During this meeting, Borrell reminded to the U.S. the Spanish government's position regarding the full implementation of the Title III of the Helms-Burton Act and raised concerns about the negative consequences the measure would have on Spanish interests.
"Spain reiterates its firm rejection, as a matter of principle, to the extraterritorial application of national sanction laws, considering it contrary to international law," he said in a statement.
The Helms-Burton Act of 1996 seeks international sanctions against the Castro government in Cuba which supposedly support a "transition government leading to a democratically elected government in Cuba." It was enacted into law by the President of the United States Bill Clinton. Title III proscribes or penalizes trade with Cuba.
Since the Helms-Burton Act came into effect in 1996, every administration has fully suspended Title III. In March 2019, Mike Pompeo, the United States Secretary of State, announced the suspension of Title III for 30 days, from March 19 to April 17.
Mike Pompeo, said that his actions were a response to "the brutal oppression on the part of the Cuban Government of human rights and fundamental freedoms" and its "indefensible support to the increasingly authoritarian and corrupt regimes in Venezuela and Nicaragua."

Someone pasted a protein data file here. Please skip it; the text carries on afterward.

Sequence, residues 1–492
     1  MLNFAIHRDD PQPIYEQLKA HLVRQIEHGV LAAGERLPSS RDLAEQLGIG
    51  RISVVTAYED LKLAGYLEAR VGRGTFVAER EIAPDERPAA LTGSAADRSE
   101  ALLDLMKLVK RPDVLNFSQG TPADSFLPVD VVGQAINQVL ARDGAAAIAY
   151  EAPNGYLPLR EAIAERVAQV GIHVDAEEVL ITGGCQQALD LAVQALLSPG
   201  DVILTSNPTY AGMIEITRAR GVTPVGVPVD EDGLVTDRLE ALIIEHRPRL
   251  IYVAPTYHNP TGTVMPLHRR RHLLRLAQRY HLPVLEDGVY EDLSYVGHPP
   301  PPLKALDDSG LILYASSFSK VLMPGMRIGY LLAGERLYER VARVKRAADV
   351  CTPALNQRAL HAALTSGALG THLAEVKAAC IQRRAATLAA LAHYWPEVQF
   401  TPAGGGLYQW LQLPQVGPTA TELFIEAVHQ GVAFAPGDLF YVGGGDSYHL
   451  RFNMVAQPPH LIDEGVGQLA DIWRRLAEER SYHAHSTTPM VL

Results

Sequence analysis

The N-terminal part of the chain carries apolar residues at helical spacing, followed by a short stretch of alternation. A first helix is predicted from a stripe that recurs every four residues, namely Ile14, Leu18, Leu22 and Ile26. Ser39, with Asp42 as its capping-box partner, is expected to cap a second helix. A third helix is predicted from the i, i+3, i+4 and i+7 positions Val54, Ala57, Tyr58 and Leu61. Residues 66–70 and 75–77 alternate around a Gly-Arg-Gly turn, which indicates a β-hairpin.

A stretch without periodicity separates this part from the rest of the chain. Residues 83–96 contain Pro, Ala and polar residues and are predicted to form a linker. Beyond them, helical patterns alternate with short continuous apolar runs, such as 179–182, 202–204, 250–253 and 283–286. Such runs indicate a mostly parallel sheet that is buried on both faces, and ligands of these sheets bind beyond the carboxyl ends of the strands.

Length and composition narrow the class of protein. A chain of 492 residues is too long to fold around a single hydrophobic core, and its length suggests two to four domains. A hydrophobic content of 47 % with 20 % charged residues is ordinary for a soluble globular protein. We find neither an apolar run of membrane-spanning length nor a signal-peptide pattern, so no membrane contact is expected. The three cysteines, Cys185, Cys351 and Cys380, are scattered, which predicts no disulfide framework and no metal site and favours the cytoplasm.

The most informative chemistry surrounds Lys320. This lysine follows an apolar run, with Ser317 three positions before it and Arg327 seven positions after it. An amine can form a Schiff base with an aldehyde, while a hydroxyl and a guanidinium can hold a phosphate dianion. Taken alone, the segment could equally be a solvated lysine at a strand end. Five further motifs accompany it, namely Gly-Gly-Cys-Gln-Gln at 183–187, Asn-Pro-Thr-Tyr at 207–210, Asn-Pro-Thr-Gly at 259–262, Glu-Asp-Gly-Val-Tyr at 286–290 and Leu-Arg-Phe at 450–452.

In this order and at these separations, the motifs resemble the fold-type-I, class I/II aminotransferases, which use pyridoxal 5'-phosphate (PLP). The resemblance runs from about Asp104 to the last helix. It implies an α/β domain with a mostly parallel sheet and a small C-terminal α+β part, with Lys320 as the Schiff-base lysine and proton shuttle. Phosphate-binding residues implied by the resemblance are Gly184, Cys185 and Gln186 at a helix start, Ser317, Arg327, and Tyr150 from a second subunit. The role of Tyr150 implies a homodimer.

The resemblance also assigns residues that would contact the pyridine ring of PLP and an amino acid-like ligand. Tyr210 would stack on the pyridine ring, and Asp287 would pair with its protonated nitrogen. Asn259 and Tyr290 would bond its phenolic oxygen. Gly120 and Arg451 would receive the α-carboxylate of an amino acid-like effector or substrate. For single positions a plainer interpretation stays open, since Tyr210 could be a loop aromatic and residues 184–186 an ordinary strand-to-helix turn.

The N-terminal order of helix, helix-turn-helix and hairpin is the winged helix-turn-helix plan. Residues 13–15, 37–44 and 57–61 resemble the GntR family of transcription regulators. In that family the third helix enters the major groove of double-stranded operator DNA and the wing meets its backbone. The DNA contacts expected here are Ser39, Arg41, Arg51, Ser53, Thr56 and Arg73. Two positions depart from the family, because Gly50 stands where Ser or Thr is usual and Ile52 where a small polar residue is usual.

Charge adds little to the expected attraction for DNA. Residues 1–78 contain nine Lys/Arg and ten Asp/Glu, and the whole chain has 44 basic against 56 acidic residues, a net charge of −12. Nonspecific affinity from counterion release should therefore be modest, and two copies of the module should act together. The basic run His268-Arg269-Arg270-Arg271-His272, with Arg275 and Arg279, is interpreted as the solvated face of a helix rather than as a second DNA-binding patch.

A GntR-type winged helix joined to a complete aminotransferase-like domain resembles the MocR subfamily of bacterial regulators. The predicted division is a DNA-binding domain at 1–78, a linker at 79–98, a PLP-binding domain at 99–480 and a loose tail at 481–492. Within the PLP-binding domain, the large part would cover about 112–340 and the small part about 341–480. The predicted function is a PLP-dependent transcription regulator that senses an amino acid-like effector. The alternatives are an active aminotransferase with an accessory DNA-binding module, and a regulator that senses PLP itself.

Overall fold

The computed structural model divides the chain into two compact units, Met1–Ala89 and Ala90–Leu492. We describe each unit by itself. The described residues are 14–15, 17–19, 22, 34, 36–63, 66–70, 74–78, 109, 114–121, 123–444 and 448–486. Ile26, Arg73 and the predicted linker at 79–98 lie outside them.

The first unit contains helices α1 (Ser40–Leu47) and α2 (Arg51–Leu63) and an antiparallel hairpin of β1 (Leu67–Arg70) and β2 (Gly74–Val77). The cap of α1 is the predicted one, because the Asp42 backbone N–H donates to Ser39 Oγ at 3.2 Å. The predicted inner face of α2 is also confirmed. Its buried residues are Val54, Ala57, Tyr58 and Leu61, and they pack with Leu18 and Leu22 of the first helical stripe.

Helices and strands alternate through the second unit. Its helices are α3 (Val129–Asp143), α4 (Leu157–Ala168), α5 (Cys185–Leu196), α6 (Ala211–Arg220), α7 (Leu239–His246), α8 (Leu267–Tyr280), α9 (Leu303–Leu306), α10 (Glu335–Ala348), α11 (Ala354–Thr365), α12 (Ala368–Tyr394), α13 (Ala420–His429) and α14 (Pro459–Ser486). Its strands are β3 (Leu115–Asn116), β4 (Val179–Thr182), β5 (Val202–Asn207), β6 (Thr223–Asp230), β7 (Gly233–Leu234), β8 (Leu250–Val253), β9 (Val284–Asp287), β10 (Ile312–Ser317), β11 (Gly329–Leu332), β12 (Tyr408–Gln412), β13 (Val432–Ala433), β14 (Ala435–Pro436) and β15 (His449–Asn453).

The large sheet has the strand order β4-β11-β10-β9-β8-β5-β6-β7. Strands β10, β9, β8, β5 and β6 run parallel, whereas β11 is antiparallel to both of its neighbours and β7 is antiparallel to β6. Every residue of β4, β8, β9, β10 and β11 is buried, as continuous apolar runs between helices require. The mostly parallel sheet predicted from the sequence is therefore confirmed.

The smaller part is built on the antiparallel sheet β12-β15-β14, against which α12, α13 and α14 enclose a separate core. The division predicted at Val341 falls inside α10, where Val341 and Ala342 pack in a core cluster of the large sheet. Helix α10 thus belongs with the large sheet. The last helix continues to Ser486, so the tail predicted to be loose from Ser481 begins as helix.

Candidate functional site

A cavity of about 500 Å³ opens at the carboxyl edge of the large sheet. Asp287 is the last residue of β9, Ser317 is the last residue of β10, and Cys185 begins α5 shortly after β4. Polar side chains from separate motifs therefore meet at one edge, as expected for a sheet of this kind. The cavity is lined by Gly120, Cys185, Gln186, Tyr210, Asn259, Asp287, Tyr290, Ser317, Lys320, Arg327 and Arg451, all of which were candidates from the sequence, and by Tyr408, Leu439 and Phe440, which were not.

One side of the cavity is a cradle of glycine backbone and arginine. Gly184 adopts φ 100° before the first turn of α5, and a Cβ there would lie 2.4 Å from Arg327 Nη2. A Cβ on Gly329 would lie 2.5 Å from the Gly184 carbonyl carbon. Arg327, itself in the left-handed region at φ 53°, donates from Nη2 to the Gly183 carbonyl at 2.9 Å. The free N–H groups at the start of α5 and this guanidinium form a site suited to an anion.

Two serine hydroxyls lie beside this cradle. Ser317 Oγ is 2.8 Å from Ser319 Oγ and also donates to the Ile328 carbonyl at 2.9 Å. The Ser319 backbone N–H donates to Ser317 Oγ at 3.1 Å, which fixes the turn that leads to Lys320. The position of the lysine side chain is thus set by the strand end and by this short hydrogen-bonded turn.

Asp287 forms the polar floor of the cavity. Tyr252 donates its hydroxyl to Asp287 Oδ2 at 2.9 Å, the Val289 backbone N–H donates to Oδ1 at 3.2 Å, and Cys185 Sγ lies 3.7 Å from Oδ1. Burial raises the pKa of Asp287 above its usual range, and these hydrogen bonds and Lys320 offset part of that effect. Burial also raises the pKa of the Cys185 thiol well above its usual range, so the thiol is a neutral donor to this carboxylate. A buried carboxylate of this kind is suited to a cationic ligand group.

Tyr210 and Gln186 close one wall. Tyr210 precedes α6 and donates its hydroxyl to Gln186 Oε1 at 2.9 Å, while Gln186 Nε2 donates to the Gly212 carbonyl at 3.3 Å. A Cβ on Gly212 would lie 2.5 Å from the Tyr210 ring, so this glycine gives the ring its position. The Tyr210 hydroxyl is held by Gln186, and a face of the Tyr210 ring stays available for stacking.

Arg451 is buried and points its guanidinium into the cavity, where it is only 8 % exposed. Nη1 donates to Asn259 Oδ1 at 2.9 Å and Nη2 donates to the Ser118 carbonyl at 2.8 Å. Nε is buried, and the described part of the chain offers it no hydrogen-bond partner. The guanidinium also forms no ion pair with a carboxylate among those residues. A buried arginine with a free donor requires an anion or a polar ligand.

Cuba’s Foreign Minister Bruno Rodríguez separately described Pompeo’s announcement as "political blackmail and irresponsible hostility aimed at hardening the blockade on Cuba."
In Washington, Spain government points out that the protection and promotion of human rights constitutes one of the basic priorities of Spanish foreign policy and said that Cuba and Spain were holding regular discussions about human rights issues into the framework of a political dialogue agreement.
According to the Ministry of Foreign Affairs of Spain, Borrell moved concerns about the U.S. policy of pressure towards Cuba to Pompeo, to congressman of the House of Representatives and the Senate.